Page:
President of Russia Vladimir Putin defended the Molotov-Ribbentrop Pact that paved the way for the division of Poland during a press conference on Sunday with German Chancellor Angela Merkel.
“When the USSR realised that it was left facing Hitler's Germany alone, it took steps so as to not permit a direct collision and this Molotov-Ribbentrop pact was signed,” Putin said in Moscow after being pressed on the matter by a German journalist.
“This pact had significance for ensuring the security of the USSR,” Putin added.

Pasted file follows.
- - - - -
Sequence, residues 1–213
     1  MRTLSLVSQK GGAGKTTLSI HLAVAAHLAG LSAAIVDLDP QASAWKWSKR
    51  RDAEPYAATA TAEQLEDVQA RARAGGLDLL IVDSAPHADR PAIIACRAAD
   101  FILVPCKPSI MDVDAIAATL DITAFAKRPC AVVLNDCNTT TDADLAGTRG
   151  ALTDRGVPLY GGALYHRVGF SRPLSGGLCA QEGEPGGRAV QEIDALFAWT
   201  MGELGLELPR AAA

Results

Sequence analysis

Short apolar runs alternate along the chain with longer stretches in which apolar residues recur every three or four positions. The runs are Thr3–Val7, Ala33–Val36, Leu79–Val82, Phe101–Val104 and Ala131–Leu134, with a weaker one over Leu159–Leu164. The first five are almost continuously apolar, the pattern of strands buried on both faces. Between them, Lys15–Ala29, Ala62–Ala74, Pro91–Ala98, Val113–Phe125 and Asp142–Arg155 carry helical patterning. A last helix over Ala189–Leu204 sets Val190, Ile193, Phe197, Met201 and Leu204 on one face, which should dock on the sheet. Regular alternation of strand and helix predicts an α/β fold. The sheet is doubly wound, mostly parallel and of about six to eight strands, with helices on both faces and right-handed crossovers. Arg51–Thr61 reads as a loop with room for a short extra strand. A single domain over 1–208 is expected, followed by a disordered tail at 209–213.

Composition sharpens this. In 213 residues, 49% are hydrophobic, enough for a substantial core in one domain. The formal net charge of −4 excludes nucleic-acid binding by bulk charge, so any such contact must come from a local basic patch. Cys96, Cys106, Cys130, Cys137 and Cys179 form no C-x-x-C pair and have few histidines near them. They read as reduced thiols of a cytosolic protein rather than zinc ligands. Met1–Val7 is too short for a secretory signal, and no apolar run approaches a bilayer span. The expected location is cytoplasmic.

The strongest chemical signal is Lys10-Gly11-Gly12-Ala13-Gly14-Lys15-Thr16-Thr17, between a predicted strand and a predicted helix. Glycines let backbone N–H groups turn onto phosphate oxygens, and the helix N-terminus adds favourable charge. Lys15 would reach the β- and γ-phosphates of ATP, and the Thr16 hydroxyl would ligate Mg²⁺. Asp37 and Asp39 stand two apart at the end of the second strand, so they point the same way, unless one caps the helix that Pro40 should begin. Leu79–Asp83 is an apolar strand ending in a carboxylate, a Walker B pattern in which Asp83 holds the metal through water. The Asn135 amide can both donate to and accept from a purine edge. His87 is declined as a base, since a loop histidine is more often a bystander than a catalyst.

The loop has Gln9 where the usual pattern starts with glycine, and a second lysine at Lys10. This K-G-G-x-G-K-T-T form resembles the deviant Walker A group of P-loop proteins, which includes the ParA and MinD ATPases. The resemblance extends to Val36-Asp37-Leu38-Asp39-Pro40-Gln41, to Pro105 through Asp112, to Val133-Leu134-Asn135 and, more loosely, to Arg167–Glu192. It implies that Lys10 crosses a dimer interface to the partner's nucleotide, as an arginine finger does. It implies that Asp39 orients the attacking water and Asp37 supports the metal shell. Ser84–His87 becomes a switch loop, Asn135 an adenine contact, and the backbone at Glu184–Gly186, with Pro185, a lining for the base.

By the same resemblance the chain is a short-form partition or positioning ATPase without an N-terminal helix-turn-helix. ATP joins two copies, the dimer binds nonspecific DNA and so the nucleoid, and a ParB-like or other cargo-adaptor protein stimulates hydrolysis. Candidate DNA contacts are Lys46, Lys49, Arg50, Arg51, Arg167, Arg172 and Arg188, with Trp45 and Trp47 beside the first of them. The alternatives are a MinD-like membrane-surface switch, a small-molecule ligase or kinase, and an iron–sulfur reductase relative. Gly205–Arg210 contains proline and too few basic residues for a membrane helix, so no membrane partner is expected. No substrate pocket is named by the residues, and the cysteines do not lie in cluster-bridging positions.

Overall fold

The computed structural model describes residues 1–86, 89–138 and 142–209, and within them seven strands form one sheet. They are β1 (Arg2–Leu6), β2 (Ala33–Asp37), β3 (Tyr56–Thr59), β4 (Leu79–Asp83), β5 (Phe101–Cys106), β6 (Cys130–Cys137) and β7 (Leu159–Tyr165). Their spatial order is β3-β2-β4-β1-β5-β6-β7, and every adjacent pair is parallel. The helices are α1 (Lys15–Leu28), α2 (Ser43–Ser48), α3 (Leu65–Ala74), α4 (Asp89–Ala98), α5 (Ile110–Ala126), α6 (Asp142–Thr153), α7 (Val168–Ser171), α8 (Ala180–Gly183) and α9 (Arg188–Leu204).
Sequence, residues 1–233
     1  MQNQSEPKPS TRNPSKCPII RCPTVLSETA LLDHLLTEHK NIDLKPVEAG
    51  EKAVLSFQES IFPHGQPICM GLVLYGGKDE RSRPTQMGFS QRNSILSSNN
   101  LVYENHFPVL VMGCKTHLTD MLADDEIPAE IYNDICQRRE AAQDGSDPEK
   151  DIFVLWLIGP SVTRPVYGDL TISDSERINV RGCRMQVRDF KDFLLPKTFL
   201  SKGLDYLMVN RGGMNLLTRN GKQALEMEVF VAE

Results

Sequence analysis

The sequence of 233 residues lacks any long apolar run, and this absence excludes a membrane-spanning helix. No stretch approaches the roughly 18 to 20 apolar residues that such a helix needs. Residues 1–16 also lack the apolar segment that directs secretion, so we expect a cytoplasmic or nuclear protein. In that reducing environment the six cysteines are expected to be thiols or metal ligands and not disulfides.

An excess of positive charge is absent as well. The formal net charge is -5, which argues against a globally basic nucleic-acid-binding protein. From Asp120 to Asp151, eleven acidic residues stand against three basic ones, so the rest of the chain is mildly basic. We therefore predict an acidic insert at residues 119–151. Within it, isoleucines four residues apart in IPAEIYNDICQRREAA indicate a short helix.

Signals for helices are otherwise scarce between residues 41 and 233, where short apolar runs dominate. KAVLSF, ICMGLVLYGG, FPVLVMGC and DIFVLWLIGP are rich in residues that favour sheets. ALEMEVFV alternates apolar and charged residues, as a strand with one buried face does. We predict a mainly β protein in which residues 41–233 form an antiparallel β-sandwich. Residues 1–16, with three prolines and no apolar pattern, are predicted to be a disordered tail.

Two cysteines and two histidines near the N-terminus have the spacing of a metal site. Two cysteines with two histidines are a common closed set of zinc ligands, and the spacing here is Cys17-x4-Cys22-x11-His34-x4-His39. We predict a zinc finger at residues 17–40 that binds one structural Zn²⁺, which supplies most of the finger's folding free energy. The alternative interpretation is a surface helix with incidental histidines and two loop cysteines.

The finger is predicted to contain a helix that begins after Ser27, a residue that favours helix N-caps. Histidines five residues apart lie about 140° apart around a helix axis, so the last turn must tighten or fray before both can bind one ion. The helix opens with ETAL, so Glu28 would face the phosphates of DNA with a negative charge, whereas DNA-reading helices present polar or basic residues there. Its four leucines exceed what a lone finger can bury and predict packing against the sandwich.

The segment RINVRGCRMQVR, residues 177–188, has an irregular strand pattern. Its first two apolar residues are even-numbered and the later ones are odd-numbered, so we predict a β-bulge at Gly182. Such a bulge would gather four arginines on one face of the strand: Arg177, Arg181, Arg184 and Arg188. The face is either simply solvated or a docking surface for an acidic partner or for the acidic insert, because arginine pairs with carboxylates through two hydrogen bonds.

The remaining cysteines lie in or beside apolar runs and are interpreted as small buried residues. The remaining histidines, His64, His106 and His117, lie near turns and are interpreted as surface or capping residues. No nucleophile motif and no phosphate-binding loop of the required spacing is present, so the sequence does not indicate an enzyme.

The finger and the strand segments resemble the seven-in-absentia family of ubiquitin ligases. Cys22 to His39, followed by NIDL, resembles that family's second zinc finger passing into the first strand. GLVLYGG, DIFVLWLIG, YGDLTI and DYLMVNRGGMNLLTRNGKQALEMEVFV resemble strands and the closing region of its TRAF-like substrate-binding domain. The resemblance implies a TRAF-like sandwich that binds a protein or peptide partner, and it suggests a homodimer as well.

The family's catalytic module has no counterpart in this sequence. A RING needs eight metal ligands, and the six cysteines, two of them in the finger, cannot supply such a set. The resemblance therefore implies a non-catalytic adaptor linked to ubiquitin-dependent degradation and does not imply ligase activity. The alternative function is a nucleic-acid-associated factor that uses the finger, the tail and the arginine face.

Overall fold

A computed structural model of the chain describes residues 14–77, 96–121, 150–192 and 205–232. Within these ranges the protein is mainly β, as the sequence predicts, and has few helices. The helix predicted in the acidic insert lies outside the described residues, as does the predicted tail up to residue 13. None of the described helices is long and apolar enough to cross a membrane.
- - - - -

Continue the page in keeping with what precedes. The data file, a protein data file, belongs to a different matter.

The pact, which was signed in August 1939 on the eve of World War II, was ostensibly a non-aggression agreement, but a secret protocol envisaged the carve-up of Poland between Germany and Russia, and the latter' s annexation of the Baltic states. The agreement took its name from the foreign ministers of both countries, Joachim von Ribbentrop and Vyachesllav Molotov.
Putin said that “Poland became a victim of its own policy,” alluding to Warsaw's annexation of a part of Czechoslovakia in October 1938.
Chancellor Merkel however condemned the pact on Sunday.
“From my point of view, the Molotov-Ribbentrop Pact is hard to understand unless you take into consideration the extra secret protocol,” she said
“And from this point of view, I consider it was not right, it was done on an unlawful basis.”